Why You Need An Exit Plan - How to Protect Your Blind Side

exit strategy

Written By: Mike Hall

One of the most beloved sports-related movies of recent years is the movie The Blind Side. The movie tells the story of Michael Oher, a homeless kid in Memphis, who gets adopted by a wealthy family and goes on to become one of the best offensive tackles in the NFL.

Fascinatingly, the movie begins with the story of Joe Theisman’s famous injury at the hands of huge linebacker Lawrence Taylor. This plot device was used to set the stage for the importance of offensive tackles like Michael Oher whose main task is to protect the Quarterback from getting sacked on his blind side. The offensive tackle is the insurance policy to make sure that the quarterback can do his job without the fear of some unexpected interference.

If you are a business owner, you are the quarterback of your enterprise. There is no one who can do what you do. You call the plays and your employees execute your instructions. Unfortunately, there is any number of life circumstances (health, the economy, aging parents, etc.) that loom large like massive linebackers waiting to create problems for you and your business. Thankfully you can keep these unforeseen circumstances at bay by having a comprehensive business exit plan.

When business owners hear the term exit plan or exit strategy, it often conjures up ideas that are not always based in reality. Some common business exit plan objections include:

  • I’m not planning to sell my business anytime soon, so I don’t need an exit plan – This is probably one of the most common excuses that many business owners retreat to. One study found that a whopping 79% do not have a written exit plan for their business. This same report stated that 16% of business owners had no time frame in mind for how long they want to stay in their business and a full 7% plan to never exit their business. That 7% must be planning to run their businesses from the grave (Doran, 2021). The truth of the matter is that any number of unforeseen circumstances could interrupt your business at any time so to put off having an exit plan is risky at best and irresponsible at worst.

  • I would get a business exit plan but it's expensive and time-consuming – This objection is wrong on both accounts. Formulating and recording a business exit plan doesn’t have to take up much of your time and should cost you nothing. A reputable business exit expert, such as a business broker, can meet with you, ask good questions, gather information, and put together a plan based on the current state of your business and your future goals. The best part of all is that they can do this all free of charge. They earn their money in commission when the time comes for you to sell. The upfront work they do for you is a means of establishing a professional relationship and earning your trust.


  • I don’t need an exit plan, I’m just going to leave my business to my children – Many business owners are passionate about their businesses, just as they should be. Unfortunately, the statistics show that their children are not nearly as passionate as they are. According to one study, only 10% to 30% of business owners actually transfer their businesses to their children (Bransford, 2021). In an ideal world, business owners will find their children eager and excited to take over the reins of the family business. In the real world, however, business owners can't base the future of their business on hope because hope is not a strategy.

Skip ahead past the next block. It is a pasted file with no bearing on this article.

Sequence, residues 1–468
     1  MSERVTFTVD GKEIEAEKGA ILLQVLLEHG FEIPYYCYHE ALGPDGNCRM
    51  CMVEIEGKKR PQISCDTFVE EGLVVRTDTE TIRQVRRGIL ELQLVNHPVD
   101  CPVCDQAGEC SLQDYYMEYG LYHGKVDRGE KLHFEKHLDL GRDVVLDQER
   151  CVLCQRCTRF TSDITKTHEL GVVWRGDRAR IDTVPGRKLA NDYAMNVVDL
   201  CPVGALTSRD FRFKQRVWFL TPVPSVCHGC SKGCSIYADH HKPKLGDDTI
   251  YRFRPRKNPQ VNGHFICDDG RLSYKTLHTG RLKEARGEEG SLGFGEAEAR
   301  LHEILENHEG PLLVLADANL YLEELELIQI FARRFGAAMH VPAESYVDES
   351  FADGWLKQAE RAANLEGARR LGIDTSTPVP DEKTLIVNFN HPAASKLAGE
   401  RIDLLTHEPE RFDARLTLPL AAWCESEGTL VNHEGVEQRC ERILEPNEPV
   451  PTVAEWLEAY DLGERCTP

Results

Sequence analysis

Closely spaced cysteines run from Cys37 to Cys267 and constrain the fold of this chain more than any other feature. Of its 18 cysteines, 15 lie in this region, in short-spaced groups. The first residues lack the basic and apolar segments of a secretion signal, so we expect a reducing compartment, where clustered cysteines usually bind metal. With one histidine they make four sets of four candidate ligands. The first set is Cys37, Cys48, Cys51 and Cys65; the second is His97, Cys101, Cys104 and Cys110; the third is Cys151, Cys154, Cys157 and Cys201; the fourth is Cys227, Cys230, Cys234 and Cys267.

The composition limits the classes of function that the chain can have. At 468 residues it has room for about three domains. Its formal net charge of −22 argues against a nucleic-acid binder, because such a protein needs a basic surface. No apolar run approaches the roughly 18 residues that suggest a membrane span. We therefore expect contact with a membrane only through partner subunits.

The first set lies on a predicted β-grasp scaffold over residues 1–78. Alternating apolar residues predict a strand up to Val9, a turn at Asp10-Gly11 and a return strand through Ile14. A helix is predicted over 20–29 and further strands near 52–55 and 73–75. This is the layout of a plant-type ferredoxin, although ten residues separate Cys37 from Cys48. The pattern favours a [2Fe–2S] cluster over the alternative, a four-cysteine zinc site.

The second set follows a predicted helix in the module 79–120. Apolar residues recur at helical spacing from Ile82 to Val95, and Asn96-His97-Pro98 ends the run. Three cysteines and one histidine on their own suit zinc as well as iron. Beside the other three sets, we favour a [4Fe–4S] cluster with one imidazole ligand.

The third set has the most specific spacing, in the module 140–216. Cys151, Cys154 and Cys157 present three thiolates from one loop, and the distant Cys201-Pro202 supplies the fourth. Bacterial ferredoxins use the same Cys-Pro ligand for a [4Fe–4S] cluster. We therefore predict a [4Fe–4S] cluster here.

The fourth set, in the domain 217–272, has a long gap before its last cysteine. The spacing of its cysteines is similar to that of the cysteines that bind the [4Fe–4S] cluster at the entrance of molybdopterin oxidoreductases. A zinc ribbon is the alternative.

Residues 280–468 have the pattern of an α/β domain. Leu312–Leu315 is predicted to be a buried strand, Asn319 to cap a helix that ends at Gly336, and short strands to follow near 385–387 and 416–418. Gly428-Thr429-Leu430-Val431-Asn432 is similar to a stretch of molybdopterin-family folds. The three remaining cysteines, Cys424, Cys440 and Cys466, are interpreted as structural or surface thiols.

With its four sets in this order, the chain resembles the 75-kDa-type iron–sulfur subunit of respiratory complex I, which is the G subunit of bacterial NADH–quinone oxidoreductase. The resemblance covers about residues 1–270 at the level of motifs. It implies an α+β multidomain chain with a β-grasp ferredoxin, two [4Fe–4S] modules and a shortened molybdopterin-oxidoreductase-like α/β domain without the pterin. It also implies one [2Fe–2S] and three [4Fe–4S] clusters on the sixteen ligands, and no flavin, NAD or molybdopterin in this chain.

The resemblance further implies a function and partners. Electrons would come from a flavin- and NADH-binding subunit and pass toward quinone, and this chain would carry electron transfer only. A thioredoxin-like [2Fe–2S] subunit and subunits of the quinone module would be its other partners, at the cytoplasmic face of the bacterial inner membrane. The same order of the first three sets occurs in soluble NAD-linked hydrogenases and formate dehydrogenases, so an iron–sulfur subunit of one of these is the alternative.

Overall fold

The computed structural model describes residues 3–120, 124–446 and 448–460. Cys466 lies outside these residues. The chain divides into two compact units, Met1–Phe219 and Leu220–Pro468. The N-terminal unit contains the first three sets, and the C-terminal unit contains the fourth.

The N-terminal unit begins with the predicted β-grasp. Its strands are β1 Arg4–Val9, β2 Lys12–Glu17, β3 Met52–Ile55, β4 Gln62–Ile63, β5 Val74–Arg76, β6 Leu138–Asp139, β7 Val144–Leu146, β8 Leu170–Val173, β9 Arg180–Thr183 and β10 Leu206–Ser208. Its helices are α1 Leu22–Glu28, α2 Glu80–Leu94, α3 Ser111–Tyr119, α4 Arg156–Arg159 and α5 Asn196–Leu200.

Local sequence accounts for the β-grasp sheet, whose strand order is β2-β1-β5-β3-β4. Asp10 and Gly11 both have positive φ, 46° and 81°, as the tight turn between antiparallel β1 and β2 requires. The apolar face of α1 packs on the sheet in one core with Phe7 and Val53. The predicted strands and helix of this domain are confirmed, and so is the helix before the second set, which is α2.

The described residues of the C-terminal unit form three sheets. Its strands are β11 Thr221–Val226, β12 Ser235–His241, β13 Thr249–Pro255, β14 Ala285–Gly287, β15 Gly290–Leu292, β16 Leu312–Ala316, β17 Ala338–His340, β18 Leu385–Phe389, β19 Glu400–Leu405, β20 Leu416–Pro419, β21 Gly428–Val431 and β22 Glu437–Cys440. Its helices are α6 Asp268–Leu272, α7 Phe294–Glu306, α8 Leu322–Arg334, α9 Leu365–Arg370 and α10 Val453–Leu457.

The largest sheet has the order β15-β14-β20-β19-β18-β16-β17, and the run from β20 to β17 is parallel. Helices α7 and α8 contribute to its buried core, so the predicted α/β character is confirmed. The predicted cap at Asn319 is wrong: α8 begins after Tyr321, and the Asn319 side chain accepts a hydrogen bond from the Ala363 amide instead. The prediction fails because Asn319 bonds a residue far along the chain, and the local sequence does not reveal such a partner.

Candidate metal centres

• I don’t want to meet with a business exit expert because they are just trying to get me to sell my business – It’s a major reason why they get into this line of work to begin with. Smart business brokers, however, are not short-sighted. They know that eventually, the majority of business owners will need their help selling at some point. They also know that the key to their success rests in their ability to forge long-term relationships that are beneficial not just to themselves but to the business owners they serve and the extended contacts of those business owners.

With these objections out of the way, it’s important to understand how having a business plan ensures the future of your business in regard to your employees, your enterprise, and your customers. Dave Ramsey often makes the point that families and individuals who get out of debt and build wealth are “weird”. In that regard, it’s time for you to be a weird business owner and do something that the majority are not doing.

Consider the fact that 58% of business owners have never had their business valued by a competent professional, and a full 37% have no plan for shielding the monies made from selling their business (Guta, 2021). A sound business exit plan will let you know what your business is worth, what you need to do to accomplish the financial goals you have for your business, and how to protect the wealth that you gain when you pass the reins to the next owner.

Don’t let misinformation distract you from keeping your eye on the ball. Reach out to a competent business exit expert today so that you are prepared when life circumstances and other distractions try to get you on your blindside.


Works Cited


Doran, D. (2021, October 14). 8 consequences of not having a sound business exit plan. Value Scout - Exit Planning 2.0. Retrieved May 23, 2022.

Bransford, D. (2021, April 20). 10 reasons why your kids probably won't take over the family business. Thomasnet® - Product Sourcing and Supplier Discovery Platform - Find North American Manufacturers, Suppliers and Industrial Companies. Retrieved May 23, 2022.

Guta, M. (2021, March 12). 48% of business owners who want to sell have no exit strategy. Small Business Trends. Retrieved May 23, 2022.